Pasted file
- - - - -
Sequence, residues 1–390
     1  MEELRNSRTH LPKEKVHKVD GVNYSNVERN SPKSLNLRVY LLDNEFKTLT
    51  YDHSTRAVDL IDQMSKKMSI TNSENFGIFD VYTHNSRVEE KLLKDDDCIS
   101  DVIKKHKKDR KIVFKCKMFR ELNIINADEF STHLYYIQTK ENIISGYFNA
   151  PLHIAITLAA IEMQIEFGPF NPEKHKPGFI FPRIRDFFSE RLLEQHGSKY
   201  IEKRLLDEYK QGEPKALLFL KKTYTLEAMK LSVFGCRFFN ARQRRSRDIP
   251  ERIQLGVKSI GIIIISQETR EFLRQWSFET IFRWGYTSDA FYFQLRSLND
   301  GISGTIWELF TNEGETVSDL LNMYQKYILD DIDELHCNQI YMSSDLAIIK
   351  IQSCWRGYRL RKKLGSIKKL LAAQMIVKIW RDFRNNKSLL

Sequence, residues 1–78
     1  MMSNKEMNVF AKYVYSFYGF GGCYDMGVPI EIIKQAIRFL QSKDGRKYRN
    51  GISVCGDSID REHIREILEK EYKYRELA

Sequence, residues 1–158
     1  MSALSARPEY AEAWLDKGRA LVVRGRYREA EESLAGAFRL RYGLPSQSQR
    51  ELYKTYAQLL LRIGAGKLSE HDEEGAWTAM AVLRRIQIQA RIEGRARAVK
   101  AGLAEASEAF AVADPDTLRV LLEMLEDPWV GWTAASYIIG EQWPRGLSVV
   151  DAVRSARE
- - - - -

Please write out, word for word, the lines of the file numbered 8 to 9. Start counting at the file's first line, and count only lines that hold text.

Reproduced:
   301  GISGTIWELF TNEGETVSDL LNMYQKYILD DIDELHCNQI YMSSDLAIIK
   351  IQSCWRGYRL RKKLGSIKKL LAAQMIVKIW RDFRNNKSLL